How we use them…

Sometimes clients come to us with an existing content plan, asking us to design and build their site based on the blueprint they created. Other times we compose content plans, writing the pages’ text before sending it over for the client’s review.

Once the written content has been approved, the next step is to add the page distinctions, navigation details, sections, image options, and all other elements. These are often simply mentioned in words rather than added to the document itself (with the exception of images and screenshots of reference material, which are usually “pasted” in). After the structure is put in place, the content plan is then passed to the rest of the team for design and development.

How to Create a Content Plan

Ready to start building? Here are the steps for creating your own content plan:

Step One: Focus on Site Architecture (for New Websites)

Starting with a blank document, list out each page you want to include in your website along with each one’s general features and functionality. Make sure to include any hidden “child” pages that are accessed through larger “parent” pages. Assess the hierarchy of the pages you want to include and detail the general navigation of the site in a table of contents. Which would make great top navigation pages? Which are subpages of another page?

Website Table of Contents Example

Step Two: Specific Direction per Page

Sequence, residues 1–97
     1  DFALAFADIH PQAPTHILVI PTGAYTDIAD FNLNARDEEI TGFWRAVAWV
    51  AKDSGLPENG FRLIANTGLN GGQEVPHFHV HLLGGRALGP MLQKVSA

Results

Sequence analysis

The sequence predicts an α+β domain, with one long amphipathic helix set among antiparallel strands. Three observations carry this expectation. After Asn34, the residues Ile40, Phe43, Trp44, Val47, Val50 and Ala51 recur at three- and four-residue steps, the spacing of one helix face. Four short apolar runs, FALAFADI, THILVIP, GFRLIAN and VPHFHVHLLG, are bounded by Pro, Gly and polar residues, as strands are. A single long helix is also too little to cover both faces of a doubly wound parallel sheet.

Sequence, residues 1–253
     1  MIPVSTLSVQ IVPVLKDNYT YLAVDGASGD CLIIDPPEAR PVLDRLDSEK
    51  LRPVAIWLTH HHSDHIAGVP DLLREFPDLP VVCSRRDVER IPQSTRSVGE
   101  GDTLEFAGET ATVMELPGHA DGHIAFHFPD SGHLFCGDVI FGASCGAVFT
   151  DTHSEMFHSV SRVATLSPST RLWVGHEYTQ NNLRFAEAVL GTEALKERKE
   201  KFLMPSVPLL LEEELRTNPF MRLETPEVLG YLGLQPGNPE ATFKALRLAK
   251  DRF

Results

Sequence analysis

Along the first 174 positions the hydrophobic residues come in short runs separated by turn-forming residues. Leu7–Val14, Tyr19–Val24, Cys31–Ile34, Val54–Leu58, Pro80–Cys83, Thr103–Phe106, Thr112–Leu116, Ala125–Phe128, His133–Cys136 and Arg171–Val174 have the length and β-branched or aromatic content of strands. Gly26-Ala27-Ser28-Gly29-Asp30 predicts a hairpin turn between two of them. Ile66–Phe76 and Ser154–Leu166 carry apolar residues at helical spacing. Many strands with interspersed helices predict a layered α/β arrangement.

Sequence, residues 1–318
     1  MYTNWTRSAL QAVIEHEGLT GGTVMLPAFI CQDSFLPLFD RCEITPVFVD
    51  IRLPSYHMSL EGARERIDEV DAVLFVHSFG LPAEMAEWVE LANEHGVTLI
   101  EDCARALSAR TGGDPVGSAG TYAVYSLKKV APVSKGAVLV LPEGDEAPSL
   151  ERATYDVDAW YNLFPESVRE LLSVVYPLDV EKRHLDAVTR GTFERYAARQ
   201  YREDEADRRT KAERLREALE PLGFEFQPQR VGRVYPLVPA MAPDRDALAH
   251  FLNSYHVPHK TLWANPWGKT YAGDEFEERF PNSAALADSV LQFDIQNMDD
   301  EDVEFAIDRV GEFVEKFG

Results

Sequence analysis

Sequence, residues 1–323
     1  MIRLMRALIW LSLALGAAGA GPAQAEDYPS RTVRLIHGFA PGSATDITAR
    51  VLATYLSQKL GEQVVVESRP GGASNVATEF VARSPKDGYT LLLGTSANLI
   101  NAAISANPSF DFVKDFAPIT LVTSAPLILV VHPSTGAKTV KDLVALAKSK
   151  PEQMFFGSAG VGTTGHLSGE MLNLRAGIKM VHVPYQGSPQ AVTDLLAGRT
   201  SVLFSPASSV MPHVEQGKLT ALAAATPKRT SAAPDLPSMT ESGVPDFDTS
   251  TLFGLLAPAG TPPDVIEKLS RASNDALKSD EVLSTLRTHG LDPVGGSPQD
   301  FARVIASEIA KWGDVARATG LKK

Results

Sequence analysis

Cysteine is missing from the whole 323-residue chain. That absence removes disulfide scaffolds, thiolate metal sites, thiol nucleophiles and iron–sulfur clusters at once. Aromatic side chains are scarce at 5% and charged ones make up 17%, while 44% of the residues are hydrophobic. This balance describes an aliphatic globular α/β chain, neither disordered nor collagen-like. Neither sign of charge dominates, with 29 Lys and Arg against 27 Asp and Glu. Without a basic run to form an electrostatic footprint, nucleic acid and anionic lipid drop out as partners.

Once you have the overarching structure of how the pages are related to each other on your site, it’s time to get more specific about each page’s content. This can be done more easily if you collect quality reference material to inspire your layout and design per page. It may be that a particular website inspired you to redesign your own, or that you wish to combine pages from a few sites or take sections from various pages to create your own.

Gathering specific reference material first is always beneficial because it can save lots of time when creating a content plan. Aim to get as much direction as possible through research during the content plan phase. Creating your website in the style or layout of an existing site allows your content plan to be easier to follow, especially if custom design or development are involved. This can be conveyed in simple terms, such as: “[This page] on our site is going to be modeled after [this page] on the reference site.” See the image below for an example.

Homepage Reference Material Example

Sometimes the correlation is less direct, such as if you need extra pages the reference site doesn’t have or if there are additional pages on the reference site that you don’t need. For example, if our team is asked to design and develop two new pages for an existing website, the client would often pass us reference material for those two pages that would inspire us to get started in the look they are hoping for. This may leave out many other pages on the site or combine sections of various pages.

Step Three